5. What a fun interview. I thoroughly enjoy Teagan’s writing on her blog and in books. It’s fun to read about the mixing of research and pantsering, which of course makes sense, but seems odd to me – like opposite ends of the spectrum. However Teagan does it, she pulls it off like a pro. Great interview and excellent review. 🙂

    Liked by 3 people

      1. Robbie, somehow I ‘feed’ on the fact that people are giving me “things” for the serial stories. That makes me committed to keep going. Pantsering is a lot harder for me when I’m trying it without that. The serials are pure pantser. Otherwise I’m a combination pantser and plotter… but more pantser than plotter… To me, research doesn’t factor into that part. I might head out on the seat of my pants, but I’ll stop to research. Hopefully that makes sense… My head is still a little foggy from sinus leftover from the everything flu. Hugs.

        Liked by 1 person

      1. Robbie, Mary was the first indie writer to encourage me to publish that way, and one of my first blog followers. She hardly knew me at the time. I think it was my first NaNoWriMo that connected us. She’s an amazing romance writer. She’s a treasure.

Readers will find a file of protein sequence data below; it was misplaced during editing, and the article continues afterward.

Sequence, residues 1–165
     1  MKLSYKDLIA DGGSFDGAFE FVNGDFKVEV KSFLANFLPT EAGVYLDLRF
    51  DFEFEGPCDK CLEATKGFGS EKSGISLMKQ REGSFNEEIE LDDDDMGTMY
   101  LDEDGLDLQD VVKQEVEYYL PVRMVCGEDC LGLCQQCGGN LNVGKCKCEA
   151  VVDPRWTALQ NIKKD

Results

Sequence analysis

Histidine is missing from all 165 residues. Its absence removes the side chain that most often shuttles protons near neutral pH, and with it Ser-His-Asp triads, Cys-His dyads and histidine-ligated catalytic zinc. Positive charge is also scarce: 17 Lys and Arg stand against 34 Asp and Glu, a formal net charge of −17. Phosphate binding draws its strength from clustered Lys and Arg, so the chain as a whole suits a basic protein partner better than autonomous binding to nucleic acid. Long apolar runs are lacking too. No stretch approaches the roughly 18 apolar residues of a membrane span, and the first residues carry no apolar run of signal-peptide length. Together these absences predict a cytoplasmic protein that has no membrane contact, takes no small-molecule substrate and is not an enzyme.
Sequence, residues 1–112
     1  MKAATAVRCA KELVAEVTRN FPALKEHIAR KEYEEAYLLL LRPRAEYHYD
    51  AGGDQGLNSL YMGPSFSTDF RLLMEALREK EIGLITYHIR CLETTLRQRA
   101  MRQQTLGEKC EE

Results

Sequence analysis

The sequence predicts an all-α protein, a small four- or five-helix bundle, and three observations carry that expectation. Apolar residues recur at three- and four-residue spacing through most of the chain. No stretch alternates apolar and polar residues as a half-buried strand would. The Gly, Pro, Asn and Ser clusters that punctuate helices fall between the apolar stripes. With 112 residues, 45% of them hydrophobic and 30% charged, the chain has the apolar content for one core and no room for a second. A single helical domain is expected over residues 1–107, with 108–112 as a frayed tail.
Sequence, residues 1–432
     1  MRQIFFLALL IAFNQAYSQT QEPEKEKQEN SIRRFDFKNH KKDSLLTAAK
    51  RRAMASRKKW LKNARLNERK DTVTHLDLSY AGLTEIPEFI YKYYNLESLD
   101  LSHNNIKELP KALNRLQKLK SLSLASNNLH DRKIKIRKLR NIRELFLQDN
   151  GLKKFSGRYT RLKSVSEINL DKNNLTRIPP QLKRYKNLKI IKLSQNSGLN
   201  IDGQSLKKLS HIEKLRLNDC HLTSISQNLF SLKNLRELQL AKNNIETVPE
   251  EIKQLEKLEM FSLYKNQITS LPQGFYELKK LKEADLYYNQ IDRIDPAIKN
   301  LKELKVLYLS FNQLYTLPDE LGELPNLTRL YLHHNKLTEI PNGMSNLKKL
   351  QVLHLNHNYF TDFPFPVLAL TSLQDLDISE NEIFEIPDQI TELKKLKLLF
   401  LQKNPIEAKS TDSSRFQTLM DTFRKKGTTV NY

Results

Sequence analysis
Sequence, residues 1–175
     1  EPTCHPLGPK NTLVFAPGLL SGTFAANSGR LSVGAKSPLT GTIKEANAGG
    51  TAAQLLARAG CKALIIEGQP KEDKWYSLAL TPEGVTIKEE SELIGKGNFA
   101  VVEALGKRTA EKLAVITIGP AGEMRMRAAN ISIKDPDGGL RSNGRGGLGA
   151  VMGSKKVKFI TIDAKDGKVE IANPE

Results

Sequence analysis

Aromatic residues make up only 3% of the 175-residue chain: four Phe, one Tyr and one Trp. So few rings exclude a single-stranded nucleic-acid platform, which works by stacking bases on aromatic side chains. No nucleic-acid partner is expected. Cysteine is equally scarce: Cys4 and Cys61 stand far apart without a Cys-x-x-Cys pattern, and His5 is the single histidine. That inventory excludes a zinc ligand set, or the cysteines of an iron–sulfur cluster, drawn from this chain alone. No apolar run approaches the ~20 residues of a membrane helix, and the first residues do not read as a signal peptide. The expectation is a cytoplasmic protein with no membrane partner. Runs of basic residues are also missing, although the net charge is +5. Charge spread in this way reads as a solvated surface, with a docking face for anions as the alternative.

Liked by 1 person

  6. I very much enjoyed reading this interview with Tegan, Robbie. I haven’t written long enough to have developed a style, but I especially was interested in learning more about Teagan’s pantser method—that’s the way I like to write, too.

    I haven’t seen any data on this, but my guess is that more writers tend to be plotters than pantsers.

    Liked by 1 person

      1. Each person has to do what works for them. I read a good piece recently (sorry, I don’t remember where) about the advantages and disadvantages of each.